where is the number of transitions from state-i to state-j and is the number of state frames corresponding to state-i. A Markov chain Monte Carlo method can create random walk through the states for co- and cross polar channels using the Metropolis-Hastings algorithm (Chib & Greenberg, 1995). Markov states are associated with each of the two channels obtained from 4 MIMO channels (2 co-polar and 2 cross-polar) resulting in 4 channels for each MIMO channel. Now Rician factor is defined using polynomial approach for large scale fading and Rician samples are generated by Rice's sum of sinusoid methods (Patzold et al, 1998). The average correlation coefficient value can be calculated on the basis of small scale MIMO channel correlation measurement data. The small scale and large scale fading time series data for each MIMO channel are added at each sampling instant to get the narrowband channel model.

A wideband channel model is constructed based on measurement campaigns and the schematic diagram of such a model is shown in Fig. 7.4 in (King, 2007). The 2x2 LMS MIMO channel matrix for this model can be written as:

where , and are the received, the transmitted and the noise vectors, respectively. The subscripts, L and R, are used to denote the antennas polarizations at each end of the radio link. The amplitudes, propagation delays and phases of each path are randomly time varying parameters due to motion of the vehicle or the satellite. The phases of the paths are assumed to be mutually independent random variables with uniform distribution in 0 to interval. All taps are considered to maintain frequency and delay domain resolution spaced 10ns and maximum resolvable delay is 400ns for the tree-line roads and urban environments and 200ns for the suburban environment. Large scale fading samples with correct autocorrelation and cross-correlation properties are generated for each tap using the measurement data parameters by the method similar to the narrowband model. In the case of wide band, the log-normal fading is correlated across both the MIMO domain and the delay domain. All taps in the wideband case are represented by the Markov state probability and state transition probability matrices with all taps in state 1 or in state 2 simultaneously. Each state in Markov chain is assigned a set of log-normal fading generators obtained from Gaussian random number generator with zero mean and unit standard deviation. Rician samples are generated in a similar way as for the narrowband case. The first tap of the delay line model is correlated with large scale fading level using polynomial fit. The value of K factor for remaining taps, derived from the measurement data, is log-normally distributed and independent of large scale fading level. The small scale fading generators are uncorrelated for all taps due to uncorrelated scattering effects. The small scale MIMO matrix samples are partially correlated for each delay tap. Now the small scale and large scale fading generators are combined by summing the outputs of the taps to generate the channel impulse response time series generator.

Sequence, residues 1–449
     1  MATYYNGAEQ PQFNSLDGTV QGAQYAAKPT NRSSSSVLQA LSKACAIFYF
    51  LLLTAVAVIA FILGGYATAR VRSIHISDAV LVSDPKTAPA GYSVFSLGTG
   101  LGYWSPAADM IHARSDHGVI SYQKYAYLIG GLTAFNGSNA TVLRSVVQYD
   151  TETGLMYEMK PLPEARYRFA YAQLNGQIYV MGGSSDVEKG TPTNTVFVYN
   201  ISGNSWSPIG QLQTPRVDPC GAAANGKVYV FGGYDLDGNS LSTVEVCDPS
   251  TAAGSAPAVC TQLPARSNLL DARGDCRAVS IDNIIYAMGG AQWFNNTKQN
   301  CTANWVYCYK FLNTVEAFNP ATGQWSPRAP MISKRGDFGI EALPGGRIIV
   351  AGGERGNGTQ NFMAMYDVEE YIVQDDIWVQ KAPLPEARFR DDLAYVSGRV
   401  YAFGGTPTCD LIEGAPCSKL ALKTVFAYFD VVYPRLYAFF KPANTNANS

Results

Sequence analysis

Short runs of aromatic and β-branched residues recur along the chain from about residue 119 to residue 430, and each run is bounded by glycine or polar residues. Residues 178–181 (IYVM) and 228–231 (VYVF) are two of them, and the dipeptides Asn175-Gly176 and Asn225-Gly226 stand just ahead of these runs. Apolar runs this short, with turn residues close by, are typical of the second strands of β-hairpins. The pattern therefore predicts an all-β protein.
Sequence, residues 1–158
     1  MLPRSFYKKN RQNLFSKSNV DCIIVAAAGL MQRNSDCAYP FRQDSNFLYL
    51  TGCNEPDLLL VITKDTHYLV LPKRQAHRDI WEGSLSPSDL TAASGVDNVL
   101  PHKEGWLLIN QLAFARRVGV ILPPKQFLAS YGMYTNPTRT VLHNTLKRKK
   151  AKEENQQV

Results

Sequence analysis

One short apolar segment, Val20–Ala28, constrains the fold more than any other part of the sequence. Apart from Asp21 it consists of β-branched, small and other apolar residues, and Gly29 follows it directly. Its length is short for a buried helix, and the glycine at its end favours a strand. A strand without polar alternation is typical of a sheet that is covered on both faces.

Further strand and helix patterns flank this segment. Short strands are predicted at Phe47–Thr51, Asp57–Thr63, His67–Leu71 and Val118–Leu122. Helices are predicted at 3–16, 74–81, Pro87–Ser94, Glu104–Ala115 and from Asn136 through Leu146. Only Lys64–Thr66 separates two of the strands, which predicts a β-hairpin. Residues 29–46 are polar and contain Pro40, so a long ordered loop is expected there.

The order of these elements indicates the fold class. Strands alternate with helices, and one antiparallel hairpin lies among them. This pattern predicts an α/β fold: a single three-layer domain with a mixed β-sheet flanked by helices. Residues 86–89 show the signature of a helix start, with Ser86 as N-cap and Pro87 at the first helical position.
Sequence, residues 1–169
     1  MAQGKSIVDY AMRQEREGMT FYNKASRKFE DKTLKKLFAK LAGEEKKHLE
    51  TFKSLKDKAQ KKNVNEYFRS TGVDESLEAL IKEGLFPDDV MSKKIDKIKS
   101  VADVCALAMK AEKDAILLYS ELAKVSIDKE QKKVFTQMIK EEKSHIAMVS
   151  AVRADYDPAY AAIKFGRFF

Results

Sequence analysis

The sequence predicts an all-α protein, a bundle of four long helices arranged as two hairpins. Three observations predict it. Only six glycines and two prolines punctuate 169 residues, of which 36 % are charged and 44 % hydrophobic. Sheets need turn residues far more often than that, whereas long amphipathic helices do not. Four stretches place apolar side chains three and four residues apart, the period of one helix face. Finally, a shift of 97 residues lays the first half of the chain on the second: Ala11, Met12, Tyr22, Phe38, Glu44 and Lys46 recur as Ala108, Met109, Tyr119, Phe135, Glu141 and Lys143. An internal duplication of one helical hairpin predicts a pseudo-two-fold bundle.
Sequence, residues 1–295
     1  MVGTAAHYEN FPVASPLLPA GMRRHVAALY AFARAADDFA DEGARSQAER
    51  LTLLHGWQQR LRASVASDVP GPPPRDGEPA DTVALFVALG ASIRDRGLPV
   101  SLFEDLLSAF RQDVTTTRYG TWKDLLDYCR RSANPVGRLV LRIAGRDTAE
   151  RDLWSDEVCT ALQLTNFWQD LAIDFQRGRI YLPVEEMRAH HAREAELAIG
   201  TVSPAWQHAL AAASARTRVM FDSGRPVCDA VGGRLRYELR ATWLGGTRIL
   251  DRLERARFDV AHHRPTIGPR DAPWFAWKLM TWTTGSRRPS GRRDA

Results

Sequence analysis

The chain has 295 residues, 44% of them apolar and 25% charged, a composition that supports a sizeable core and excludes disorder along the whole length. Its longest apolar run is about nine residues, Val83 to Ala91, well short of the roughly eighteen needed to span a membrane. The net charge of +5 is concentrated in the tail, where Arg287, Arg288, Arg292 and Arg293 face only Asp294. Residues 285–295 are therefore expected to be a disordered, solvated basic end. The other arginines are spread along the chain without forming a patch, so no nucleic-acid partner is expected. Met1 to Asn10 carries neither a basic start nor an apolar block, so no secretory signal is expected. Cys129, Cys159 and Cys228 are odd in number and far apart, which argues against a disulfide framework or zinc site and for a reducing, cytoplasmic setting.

The models described above can generate the narrowband and wideband channel models with well conserved first order, second order statistics and MIMO channel cross-correlations. However the parameters used to generate these models are based on specific measurement campaigns for particular environments. Thus, these models can be used to generate fading effects for similar types of environments which limit the application of these models for different environments.

Application of Compact Antennas to Polarized MIMO Satellite Channels

One of the key concerns of MIMO technology is to find geometrically small antennas in order to meet the miniaturization requirements of mobile terminals. Thus, small sizes and large bandwidths are becoming primary design considerations for antennas ensuring low mutual coupling between individual elements. In this respect compact antennas with polarization and in particular three-dimensional feature of electromagnetic waves are expected to play a significant role in MIMO technology. Particularly, the application of MIMO compact antennas to the satellite communication systems is of foremost interest in order to achieve diversity and spatial multiplexing gains. In addition, the application of onboard MIMO compact antennas can help in eliminating synchronization problem that occur due to large travelled distances of radio signal in LMS communication links.

Because of this importance, lot of work has been done to achieve suitable broadband compact antennas for practical applications. The compact antennas with different designs and operations (e.g., broadband, dual-frequency, circularly polarized, dual polarized enhanced gain etc) are reported in literature (Wang, 2002; Getu & Anderson, 2004; Dong et al, 2005). Fig. 3 shows different structures of compact MIMO antennas.